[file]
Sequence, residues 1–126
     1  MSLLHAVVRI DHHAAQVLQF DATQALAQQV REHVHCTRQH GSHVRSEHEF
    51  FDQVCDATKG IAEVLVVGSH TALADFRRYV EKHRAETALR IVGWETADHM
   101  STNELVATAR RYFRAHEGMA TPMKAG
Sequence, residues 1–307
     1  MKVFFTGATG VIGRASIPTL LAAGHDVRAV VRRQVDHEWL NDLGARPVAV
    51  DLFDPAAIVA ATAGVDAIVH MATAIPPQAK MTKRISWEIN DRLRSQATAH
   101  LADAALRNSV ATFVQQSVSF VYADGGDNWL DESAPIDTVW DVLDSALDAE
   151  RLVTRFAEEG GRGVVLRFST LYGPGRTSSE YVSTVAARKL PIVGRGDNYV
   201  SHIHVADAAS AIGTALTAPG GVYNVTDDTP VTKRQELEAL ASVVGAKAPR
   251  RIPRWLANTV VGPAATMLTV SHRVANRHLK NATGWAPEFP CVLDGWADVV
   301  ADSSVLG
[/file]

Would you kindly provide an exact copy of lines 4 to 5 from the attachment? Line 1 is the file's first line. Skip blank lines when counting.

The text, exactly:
   101  STNELVATAR RYFRAHEGMA TPMKAG
Sequence, residues 1–307